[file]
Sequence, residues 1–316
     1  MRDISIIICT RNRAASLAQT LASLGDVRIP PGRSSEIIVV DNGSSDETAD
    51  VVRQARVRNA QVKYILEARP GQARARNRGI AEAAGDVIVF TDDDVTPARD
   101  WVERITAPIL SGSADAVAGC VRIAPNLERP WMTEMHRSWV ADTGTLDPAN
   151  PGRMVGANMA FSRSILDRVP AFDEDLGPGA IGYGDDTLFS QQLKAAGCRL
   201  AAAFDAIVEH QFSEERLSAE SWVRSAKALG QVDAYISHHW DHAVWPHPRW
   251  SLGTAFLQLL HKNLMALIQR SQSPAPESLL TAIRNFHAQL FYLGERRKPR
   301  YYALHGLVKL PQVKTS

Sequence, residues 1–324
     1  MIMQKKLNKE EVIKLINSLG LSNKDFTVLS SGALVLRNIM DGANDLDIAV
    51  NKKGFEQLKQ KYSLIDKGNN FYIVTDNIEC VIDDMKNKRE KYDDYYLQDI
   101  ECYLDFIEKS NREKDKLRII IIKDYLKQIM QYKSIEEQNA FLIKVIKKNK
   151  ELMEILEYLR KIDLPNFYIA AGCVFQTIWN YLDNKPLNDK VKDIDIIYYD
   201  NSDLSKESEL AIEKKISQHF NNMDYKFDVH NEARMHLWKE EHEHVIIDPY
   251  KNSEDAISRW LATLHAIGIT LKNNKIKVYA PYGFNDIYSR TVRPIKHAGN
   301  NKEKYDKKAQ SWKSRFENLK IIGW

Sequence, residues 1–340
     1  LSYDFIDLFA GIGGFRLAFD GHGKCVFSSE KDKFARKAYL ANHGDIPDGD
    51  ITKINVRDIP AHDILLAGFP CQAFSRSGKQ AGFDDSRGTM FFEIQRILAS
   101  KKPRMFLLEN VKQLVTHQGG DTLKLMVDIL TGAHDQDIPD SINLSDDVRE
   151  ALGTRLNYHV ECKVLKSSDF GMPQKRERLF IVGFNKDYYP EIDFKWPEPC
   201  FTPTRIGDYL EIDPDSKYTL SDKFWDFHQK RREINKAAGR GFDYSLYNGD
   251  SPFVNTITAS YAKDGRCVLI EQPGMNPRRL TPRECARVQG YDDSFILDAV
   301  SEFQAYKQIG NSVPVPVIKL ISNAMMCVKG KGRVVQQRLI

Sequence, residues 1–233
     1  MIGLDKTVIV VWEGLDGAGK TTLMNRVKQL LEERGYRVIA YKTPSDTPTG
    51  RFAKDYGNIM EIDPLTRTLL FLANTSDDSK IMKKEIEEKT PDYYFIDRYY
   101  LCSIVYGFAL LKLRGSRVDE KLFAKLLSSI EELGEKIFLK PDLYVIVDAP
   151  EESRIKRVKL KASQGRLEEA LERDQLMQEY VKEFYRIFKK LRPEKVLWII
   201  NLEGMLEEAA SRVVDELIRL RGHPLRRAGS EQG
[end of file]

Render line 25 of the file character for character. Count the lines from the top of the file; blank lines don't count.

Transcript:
Sequence, residues 1–233